“Giddy excitement.” Those are the two words that describe my mom’s sudden and unheralded desire to see the Grand Canyon.
So Dad made the arrangements, and the family happily anticipated the venture. We soon departed for the Grand Canyon.
After the eight-hour trip, one filled with chip noshing and TV cult classic discovery, we arrived at the Best Western hotel. Shuffling inside, we unloaded the luggage in our room and readied for bed, already raring to get started the next day. We had arrived!
The next two days were filled with the jaw-dropping, fantastical, almost impossible views of the Grand Canyon from the South Rim. A plethora of photos, falling jokes, respect for hang gliders and bungee jumpers, and building speculation were also weaved into the weekend.
Lunches on both Friday and Saturday were held in the surrounding campsites. The family is fairly familiar with camp stoves, and so delightful meals in serene woods followed.
Evenings were either spent at the hotel’s fun room, which featured bowling, air hockey and arcade games, or watching UFC (my 14-year-old sister cheered the loudest).
Before heading home on Sunday, we took one last look at the Canyon and actually walked down part of a trail, one side a sheer wall and the other a steep plummet.
With our trip completed and my mother already subtly dropping hints about Yosemite, we drove home, satisfied and rested.
I am fortunate enough to have gone on a couple of adventures. If asked to list them, my list would evolve into multiple adventure “departments” that interact with each other. To name some of them, there would be Outdoors, Sports, Books, Leadership and Everyday.
Outdoors and Sports are fairly self-explanatory. They are comprised of cliff repelling, whitewater rafting, hiking, swimming, kayaking, wilderness survival, soccer and refereeing.
As for Books, venturing into a piece of literature is unlike any other invigorating enterprise.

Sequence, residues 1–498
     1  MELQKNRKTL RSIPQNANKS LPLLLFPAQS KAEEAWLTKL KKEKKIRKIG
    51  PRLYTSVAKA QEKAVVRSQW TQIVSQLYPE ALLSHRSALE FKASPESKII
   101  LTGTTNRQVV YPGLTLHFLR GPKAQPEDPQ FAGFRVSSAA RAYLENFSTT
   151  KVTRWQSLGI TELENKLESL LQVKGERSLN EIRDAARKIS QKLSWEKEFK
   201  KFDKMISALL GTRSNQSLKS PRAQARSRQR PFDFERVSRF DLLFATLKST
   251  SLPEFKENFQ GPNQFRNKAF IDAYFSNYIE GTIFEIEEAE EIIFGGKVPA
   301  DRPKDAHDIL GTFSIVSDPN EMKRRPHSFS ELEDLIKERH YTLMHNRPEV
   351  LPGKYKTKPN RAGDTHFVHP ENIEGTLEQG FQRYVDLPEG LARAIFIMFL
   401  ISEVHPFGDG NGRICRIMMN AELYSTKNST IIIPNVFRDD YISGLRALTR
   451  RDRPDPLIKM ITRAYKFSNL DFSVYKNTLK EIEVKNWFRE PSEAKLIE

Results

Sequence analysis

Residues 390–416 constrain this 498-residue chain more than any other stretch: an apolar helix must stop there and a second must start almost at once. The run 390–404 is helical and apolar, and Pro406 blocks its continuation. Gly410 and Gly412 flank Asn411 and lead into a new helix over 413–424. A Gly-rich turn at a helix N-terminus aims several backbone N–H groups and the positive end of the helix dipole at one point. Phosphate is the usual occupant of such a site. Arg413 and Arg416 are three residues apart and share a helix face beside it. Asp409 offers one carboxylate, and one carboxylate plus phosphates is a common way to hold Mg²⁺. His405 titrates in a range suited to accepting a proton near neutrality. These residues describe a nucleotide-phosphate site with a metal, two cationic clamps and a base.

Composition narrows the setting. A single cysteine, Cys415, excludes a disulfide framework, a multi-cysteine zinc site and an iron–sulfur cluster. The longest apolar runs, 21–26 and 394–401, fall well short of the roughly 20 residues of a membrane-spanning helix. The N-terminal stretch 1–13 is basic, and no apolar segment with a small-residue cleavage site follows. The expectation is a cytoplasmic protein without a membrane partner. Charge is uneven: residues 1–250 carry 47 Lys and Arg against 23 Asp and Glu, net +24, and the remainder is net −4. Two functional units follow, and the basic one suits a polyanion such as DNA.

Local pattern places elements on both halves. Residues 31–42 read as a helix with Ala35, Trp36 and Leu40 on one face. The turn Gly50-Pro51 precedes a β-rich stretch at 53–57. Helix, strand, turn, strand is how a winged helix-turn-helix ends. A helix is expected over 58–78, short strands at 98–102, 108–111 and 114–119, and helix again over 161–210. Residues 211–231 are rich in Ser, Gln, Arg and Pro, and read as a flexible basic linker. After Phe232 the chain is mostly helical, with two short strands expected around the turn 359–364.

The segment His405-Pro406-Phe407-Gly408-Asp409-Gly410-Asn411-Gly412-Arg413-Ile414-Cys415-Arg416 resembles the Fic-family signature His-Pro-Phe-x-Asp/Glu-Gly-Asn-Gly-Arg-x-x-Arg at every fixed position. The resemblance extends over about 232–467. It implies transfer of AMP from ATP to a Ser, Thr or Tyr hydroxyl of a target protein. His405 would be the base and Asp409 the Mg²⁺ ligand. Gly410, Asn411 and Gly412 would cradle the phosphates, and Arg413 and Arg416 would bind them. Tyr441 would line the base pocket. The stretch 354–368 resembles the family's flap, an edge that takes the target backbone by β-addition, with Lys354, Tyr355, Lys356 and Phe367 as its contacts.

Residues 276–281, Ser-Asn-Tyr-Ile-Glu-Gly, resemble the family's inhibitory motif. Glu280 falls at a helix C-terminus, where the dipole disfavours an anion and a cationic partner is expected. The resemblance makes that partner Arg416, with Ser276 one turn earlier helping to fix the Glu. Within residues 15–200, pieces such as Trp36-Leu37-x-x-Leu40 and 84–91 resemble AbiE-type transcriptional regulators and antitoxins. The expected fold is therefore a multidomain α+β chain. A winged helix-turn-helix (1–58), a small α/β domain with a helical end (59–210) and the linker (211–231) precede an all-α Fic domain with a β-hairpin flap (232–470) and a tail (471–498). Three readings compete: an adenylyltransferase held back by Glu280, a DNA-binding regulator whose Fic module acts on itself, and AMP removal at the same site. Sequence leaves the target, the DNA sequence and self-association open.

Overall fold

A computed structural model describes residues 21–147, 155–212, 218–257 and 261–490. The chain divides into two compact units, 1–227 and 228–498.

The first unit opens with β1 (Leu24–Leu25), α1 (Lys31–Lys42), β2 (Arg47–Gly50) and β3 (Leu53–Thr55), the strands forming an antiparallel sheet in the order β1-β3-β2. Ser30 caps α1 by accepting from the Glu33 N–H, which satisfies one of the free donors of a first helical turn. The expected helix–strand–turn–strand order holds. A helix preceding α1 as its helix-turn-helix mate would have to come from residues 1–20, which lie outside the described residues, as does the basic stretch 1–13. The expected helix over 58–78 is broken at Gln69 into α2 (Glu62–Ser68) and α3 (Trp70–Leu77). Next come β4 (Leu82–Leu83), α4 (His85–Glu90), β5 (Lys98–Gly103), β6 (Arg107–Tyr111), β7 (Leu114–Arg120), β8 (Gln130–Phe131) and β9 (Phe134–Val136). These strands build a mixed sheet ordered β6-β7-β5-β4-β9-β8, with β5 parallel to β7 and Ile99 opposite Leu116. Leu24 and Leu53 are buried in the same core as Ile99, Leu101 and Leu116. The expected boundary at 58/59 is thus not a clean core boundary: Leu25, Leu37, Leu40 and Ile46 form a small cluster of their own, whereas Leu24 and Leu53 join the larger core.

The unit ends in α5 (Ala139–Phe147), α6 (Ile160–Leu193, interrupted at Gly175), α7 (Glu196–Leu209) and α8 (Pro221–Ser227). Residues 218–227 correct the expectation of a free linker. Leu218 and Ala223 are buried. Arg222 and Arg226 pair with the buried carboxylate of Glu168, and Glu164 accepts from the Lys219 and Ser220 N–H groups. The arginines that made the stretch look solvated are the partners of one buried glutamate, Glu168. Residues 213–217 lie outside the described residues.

Leadership and Everyday are less obvious, but no less vital. Undertakings in leadership consist of facing difficult dealings with other people, guiding groups of boys through rather adverse conditions to a destination, and mental dilemmas of when to coach or counsel a comrade.
Lastly, Everyday occurrences make up the unexpected or hidden surprises that common-day happenings hold for me. The incredible patience of a parent, kindness of a cashier, observations of personality in friends and strangers, and the hidden nobility of mentors are a few new explorations of the typical day that can be quite easy to miss.
While I do not regularly think about my life in an outline this strict, this list of adventures will be continually growing throughout my life.
That said, I can now add another adventure department to the list: a Restful adventure. One on which a person can solely relax, cherishing the surroundings and the fellowship with company.
Before the trip (and a certain conversation with an excellent teacher), I had dismissed vacations such as this Grand Canyon one as almost cowardly retreats from real life, and a waste of time and money, at least for my person.
It seemed that one could typically do all of the relaxing and cherishing in the previously mentioned adventures. Maybe I did not view vacations so harshly, but that was the gist of my attitude.
As of now, I look forward to enjoying more adventures in this grand game of life, even if that means partaking in the adventure of quiescence.